Rotator cuff tear

Rotator cuff is made of four muscles namely – supraspinatus, infraspinatus, subscapularis and teres minor. All these muscles form a group and are attached to the greater and lesser tuberosity and help in movements  around the shoulder especially abduction and external rotation.


  1. Injury, especially while trying to lift or catch a heavy object
  2. Overuse, especially after a period of inactivity
  3. Poor blood supply to an area of the cuff (which occurs with increasing age)
  4. A fall on an outstretched arm
  5. A gradual weakening of the tendons of the shoulder, often associated with impingement


After a cuff tear, the patient is no longer able to lift or rotate his or her arm with the same range of motion as before the injury and/or has significant pain associated with shoulder motion. The pain is also very common at night, often radiating down the arm.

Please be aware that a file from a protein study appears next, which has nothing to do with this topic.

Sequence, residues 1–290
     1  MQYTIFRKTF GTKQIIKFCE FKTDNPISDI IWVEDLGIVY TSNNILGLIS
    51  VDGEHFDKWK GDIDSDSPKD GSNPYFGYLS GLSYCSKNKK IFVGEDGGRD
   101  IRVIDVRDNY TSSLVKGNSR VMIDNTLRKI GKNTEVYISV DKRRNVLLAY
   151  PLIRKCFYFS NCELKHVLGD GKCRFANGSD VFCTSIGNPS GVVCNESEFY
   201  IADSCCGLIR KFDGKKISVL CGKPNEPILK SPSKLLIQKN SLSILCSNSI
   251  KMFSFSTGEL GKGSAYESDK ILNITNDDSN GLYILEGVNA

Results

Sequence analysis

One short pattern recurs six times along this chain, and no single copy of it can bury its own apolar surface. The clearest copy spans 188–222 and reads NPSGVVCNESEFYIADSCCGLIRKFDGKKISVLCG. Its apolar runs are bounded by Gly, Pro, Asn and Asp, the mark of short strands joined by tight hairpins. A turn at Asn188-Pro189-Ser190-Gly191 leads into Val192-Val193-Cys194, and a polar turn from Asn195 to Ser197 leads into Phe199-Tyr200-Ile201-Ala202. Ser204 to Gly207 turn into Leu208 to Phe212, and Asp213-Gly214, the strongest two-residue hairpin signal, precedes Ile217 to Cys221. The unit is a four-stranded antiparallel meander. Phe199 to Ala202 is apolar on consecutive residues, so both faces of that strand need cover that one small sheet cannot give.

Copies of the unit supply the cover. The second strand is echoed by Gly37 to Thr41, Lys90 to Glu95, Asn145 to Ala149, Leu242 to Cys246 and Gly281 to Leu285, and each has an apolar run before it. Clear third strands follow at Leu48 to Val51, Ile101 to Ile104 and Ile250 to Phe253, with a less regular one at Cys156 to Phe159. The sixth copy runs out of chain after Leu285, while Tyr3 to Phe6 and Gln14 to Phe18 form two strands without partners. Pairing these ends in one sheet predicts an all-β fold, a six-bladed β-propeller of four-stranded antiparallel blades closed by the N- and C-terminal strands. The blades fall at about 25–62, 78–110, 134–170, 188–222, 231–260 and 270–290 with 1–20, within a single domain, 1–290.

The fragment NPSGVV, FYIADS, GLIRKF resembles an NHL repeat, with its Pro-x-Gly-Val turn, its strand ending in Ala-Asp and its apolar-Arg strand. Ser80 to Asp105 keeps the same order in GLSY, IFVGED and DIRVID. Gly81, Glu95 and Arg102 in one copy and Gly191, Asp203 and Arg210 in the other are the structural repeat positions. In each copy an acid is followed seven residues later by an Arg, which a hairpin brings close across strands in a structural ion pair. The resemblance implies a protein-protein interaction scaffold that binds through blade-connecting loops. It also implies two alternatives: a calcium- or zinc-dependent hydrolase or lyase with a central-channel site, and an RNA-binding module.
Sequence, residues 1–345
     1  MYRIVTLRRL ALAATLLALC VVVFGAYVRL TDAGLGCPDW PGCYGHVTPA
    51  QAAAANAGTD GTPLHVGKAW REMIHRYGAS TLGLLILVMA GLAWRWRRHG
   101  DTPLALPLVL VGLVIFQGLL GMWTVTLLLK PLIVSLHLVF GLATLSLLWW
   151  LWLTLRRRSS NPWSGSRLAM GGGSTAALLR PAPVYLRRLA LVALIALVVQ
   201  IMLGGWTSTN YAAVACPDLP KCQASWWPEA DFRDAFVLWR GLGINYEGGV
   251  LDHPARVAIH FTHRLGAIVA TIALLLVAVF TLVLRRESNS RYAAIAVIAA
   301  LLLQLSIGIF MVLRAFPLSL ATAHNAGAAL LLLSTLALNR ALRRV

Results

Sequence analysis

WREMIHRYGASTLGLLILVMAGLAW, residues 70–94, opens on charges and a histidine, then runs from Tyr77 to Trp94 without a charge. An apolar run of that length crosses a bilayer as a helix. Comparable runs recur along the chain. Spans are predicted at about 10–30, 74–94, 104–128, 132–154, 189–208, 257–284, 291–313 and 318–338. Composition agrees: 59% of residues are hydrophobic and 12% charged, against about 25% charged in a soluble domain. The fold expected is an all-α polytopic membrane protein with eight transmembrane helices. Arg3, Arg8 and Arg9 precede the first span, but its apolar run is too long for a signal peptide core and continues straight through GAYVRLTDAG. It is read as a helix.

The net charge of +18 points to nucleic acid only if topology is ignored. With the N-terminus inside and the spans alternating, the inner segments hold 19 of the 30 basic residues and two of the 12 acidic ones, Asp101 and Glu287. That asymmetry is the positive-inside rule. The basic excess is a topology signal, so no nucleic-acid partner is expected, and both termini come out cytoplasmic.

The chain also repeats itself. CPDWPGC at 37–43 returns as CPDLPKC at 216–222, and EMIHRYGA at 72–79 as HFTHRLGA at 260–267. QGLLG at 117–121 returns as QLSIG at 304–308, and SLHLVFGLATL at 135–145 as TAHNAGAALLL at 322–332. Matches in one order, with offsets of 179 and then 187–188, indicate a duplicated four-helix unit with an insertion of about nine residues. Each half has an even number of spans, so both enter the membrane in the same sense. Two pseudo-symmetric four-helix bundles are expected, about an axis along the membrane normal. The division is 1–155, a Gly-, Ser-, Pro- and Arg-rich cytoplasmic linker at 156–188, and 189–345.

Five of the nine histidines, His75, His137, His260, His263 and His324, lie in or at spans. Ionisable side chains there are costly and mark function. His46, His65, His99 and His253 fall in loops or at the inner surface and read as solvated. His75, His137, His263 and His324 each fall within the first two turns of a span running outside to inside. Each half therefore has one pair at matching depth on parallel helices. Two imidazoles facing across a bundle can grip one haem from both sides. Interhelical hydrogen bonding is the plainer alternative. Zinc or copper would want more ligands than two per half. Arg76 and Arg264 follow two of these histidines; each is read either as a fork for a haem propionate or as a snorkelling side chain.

The diagnosis is usually confirmed by MRI which may quantify the type and amount of tear in the muscles.

Good quality X rays can help in indirect diagnosis of the pathology due to high riding humeral head.


  1. Painkillers and anti-inflammatory medications
  2. Physiotherapy – keeps your shoulder strong and flexible and reduce the pain and weakness
  3. Cortisone steroid injections  – reduces inflammation and control the pain. It is advisable to avoid repeated steroid injections in the presence of a tendon tear, as this may weaken the tendon further.
  4. PRP injections – In partial tears, PRP injections may be used , since they have been shown to have some reparative capacity as well.
  5. Surgery is required –
    a. If the tear follows an injury
    b. When pain and weakness is not improved with injections and physiotherapy
    – The goal of any surgery is to relieve the pain and improve the shoulder strength. This requires a long period of physiotherapy in addition to the surgery.
    – Surgery may be done Arthroscopically (keyhole) or Open, or a combination of the two, known as a Mini-repair.